If you can’t quite face the inflated prices and antiseptic atmosphere of some of the High Street’s more classy establishments, why not take your date for a meal at Cafe Cous Cous on St Clement’s? This friendly restaurant is a far cry from the Oxford of Brideshead, but a perfect example of the Oxford we know and love now. What could be more romantic than sitting cross-legged on Moroccan cushions, sipping mint tea and scooping houmous and harissa, and then finishing off with a shisha pipe? It’s a universally acknowledged fact that awkwardness disappears when eating with your hands, so relish the whole tactile experience and let the conversation flow.

What NOT to do with your Valentine:

It’s 2-4-1 at Pizza Hut this Valentine’s Day. Do not make the mistake of thinking that thrift and romance are perfect partners. You will be shamed by the waiter, laughed at by 13 year olds on their first date, and experience the queasy post-stuffed crust slump guaranteed to snuff out any flicker of romance. Having said that, the ice cream factory does still retain a hint of post-ironic charm (who doesn’t love mini smarties?!) – but then, equally, so does singledom.

At the end of Thomas Hardy’s Jude the Obscure the tragic wannabe-Oxford-student eponymous hero dies in a draughty room in town, while his wife abandons his dead body to go and watch boat races on the Isis. If you’re really looking for an unsuccessful date, why not recreate this scene? You can leave out the death part, but one of you could sit with the heating off in a single-glazed room in Cowley whilst the other wanders down the river, alone. Suitably tragic – Thomas Hardy would be proud.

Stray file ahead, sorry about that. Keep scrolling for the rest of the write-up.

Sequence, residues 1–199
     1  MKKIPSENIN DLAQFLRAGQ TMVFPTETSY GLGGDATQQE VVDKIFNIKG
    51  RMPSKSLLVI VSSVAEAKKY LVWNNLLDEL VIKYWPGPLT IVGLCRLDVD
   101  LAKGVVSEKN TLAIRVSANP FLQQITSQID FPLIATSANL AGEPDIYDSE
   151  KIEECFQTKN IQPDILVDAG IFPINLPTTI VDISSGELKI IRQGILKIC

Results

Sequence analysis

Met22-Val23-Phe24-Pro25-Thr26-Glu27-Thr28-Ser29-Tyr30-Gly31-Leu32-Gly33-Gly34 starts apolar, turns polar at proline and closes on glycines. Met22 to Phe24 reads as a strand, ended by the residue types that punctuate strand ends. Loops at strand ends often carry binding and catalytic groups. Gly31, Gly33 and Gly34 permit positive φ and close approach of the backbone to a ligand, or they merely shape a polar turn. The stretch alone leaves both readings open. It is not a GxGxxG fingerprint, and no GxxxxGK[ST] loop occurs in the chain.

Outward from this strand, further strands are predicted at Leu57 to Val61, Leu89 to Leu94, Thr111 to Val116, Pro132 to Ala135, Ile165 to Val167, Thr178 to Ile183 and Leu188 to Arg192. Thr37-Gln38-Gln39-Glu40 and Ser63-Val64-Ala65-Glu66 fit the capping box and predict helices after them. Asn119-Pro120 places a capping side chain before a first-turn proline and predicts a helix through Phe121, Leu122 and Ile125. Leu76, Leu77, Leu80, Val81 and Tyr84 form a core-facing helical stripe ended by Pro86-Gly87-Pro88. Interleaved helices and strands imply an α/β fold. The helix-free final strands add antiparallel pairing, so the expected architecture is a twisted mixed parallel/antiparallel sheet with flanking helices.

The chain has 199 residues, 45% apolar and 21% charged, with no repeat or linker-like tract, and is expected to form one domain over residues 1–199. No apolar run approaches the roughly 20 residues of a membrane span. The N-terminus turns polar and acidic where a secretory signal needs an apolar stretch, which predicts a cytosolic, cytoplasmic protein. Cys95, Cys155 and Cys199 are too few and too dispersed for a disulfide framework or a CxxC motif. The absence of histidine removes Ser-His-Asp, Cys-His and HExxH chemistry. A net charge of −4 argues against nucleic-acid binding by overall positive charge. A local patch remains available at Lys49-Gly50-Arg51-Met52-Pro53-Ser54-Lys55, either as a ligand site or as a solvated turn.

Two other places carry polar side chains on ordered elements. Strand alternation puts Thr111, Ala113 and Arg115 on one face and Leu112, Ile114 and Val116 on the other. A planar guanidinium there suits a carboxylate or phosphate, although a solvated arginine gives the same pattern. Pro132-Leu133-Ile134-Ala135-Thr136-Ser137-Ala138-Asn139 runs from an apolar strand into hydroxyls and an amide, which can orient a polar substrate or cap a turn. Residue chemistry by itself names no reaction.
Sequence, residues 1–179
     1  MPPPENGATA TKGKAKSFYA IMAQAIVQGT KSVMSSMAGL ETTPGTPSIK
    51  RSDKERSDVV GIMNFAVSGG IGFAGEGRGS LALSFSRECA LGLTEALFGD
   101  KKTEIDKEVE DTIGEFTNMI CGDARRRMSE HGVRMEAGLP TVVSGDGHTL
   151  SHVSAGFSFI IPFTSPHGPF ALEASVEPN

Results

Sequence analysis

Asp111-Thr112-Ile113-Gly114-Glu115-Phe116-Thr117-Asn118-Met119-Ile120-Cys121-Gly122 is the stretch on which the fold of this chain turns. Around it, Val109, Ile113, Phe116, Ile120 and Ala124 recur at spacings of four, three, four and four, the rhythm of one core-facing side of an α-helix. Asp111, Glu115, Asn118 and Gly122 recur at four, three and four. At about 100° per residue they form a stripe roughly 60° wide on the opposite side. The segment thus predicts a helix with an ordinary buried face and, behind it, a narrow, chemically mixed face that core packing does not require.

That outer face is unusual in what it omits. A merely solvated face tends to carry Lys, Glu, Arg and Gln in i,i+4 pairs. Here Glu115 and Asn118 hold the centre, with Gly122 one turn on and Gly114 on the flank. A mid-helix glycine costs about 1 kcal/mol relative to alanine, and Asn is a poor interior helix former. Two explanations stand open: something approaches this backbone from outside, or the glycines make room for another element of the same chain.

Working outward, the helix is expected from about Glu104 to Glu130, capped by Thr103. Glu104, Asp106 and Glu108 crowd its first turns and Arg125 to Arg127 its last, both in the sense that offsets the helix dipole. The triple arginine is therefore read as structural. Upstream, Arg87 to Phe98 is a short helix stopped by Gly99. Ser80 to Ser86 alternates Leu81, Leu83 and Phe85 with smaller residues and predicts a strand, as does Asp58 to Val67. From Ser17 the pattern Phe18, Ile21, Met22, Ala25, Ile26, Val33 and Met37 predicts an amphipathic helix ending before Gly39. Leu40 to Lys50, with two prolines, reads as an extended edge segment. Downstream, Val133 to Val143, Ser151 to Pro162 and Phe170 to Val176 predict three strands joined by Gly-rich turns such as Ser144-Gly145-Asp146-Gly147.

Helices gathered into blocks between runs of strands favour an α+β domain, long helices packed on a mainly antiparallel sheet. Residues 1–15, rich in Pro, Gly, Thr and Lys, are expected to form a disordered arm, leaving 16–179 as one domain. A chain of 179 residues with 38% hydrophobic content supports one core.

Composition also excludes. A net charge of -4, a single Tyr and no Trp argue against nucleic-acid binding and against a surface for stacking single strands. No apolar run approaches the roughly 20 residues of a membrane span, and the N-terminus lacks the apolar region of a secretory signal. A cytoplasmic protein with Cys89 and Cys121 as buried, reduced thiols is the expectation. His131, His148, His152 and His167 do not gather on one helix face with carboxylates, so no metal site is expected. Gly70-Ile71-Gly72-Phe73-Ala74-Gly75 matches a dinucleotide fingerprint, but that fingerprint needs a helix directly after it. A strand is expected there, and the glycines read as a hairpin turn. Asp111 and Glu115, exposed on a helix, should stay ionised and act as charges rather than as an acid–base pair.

The most famous wedding of the decade will be happening in just a few short months’ time. Would it be a bad idea to stage your own early version of Wills and Kate’s nuptials this Valentine’s Day, just for the laughs? Be inspired by the limited edition memorabilia on sale in the tourist information office on Broad Street and put on your very own royal wedding. Serve tea out of commemorative mugs, stirred with silver plated spoons bearing the image of Kate’s head on the handle, and then do your drying up with the official tea towel. Boys, dress in your sharpest suit, and girls, don’t worry about getting the real Issa version of Kate’s royal blue frock, you can pick up the Tesco imitation for £14 – bargain! And if your wedding breakfast is more quiche Lorraine than lobster, fear not – for real love is transcendental.